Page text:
Last year’s IRS data breach is continuing to make headlines as the true scope of its damage becomes clearer. The breach, which the IRS believes took place in February 2015, was first announced in May 2015; at the time, it was thought that more than 100,000 American taxpayers had their personal information compromised. However, in August 2015, the agency revealed the discovery of an additional 220,000 victims. Now, about one year since the initial breach, the IRS is saying that the current total number of victims is topping 700,000 — about seven times more than initial estimates.
The main IRS system that was compromised by the hackers during the data breach is called “Get Transcript,” and it is where tax payers can request tax returns and filings from past years. Using personal information stolen from other sources, the criminals were successful in clearing a security screen that requires a Social Security number, date of birth, tax filing status, street address, and other private data. CBS News reports that, in addition, hackers have also tried (and failed) to access an additional 600,000 IRS accounts.
Though the number of affected taxpayers has fluctuated greatly since the data breach was first announced, the IRS has kept the same opinion as to the identity of the responsible party. In May, the IRS said they believe a sophisticated criminal operation based in Russia is at the helm of this crime. No further information has been released about whether the agency knows more about this operation, or if they are doing anything to stop it.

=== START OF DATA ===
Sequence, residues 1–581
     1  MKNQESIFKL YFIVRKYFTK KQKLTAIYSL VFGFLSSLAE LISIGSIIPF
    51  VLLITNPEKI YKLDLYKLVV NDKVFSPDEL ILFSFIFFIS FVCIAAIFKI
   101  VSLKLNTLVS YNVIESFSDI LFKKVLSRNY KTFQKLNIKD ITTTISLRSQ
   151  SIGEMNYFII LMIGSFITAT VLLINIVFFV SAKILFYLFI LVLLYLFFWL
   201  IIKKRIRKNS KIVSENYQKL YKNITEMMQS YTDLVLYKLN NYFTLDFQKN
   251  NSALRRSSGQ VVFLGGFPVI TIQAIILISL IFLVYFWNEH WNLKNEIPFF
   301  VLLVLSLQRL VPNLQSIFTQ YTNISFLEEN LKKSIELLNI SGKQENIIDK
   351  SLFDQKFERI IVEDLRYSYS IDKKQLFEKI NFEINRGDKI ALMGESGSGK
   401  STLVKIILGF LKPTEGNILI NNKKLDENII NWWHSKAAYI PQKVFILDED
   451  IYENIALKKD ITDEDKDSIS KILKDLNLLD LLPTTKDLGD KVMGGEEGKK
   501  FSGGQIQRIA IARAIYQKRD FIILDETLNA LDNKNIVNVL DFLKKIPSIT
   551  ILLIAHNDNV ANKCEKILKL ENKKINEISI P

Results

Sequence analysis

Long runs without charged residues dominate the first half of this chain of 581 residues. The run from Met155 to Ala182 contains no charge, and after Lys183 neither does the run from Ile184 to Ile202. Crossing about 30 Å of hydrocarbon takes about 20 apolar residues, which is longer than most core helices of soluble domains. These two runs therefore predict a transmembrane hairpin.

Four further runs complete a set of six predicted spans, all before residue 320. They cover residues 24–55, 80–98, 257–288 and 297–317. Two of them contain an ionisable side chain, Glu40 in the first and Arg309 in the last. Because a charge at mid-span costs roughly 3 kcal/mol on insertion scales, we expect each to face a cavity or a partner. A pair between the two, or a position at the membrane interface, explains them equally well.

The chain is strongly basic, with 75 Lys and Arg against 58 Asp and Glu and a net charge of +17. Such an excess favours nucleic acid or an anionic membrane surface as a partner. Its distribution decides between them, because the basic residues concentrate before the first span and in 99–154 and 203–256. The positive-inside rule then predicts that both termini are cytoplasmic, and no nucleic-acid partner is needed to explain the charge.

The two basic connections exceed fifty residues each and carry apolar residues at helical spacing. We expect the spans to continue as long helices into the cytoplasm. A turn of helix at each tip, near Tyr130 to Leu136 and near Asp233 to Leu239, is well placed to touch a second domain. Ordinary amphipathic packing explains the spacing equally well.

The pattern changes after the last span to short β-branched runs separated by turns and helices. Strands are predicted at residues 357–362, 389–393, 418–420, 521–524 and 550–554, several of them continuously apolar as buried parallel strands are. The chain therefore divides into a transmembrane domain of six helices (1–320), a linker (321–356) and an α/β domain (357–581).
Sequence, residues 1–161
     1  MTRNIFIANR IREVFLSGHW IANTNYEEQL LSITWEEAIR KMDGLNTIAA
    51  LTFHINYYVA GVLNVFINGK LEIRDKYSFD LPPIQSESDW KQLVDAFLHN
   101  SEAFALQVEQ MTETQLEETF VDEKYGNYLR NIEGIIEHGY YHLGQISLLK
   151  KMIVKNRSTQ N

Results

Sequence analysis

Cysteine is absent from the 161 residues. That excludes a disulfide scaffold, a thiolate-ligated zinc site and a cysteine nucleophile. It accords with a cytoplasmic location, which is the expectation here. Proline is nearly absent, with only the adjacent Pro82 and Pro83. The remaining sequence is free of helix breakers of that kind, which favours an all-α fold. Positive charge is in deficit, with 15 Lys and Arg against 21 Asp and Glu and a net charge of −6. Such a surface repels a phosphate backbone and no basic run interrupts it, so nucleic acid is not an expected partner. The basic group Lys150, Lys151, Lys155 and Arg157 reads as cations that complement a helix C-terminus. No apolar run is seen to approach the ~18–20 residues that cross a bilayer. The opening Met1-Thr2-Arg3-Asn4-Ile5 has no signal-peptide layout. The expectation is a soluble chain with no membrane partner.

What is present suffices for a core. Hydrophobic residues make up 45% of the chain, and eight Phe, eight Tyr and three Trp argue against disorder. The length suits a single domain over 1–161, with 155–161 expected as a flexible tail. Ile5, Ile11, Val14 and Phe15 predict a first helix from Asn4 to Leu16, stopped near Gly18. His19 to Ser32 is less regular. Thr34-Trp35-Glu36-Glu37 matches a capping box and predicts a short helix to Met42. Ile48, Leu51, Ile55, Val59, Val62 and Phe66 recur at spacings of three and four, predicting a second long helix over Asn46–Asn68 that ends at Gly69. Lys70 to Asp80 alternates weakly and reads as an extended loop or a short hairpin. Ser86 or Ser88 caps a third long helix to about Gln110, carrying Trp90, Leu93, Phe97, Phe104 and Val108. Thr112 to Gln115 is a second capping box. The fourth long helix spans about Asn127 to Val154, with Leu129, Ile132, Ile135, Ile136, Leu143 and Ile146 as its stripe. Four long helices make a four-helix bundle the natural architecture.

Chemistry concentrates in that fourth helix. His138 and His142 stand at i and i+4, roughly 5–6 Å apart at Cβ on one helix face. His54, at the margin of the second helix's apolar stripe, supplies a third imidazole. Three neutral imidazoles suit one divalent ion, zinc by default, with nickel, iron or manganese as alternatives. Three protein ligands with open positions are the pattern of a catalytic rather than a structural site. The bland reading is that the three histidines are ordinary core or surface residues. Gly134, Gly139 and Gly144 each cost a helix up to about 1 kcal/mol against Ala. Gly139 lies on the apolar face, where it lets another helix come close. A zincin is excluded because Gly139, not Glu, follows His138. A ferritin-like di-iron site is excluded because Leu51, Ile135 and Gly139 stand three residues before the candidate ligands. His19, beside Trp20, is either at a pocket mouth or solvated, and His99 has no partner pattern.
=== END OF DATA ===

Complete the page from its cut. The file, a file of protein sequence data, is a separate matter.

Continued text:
Who May Have Been Affected by the IRS Data Breach?
As the number of affected taxpayers continues to grow, many Americans are worried that their private, personal information may have been stolen. The IRS says that if you have been targeted by the hackers, the agency will be notifying you and providing access to a program that assigns special ID numbers for future tax returns. It is believed that one reason the hackers targeted the IRS was to claim fraudulent tax refunds; by giving taxpayers a special ID number, they are hoping to prevent those fraudulent returns from going through the system.
Whether or not you were affected by this recent IRS data breach, it is essential to be aware of other potential tax fraud schemes. Tax identity theft is far more common than you might imagine — the IRS estimates it paid out $5.8 billion in fraudulent refunds in 2013. Before you file your returns this tax season, read our important blog about how to spot an IRS scam.
Image courtesy of Flickr user Tim Evanson.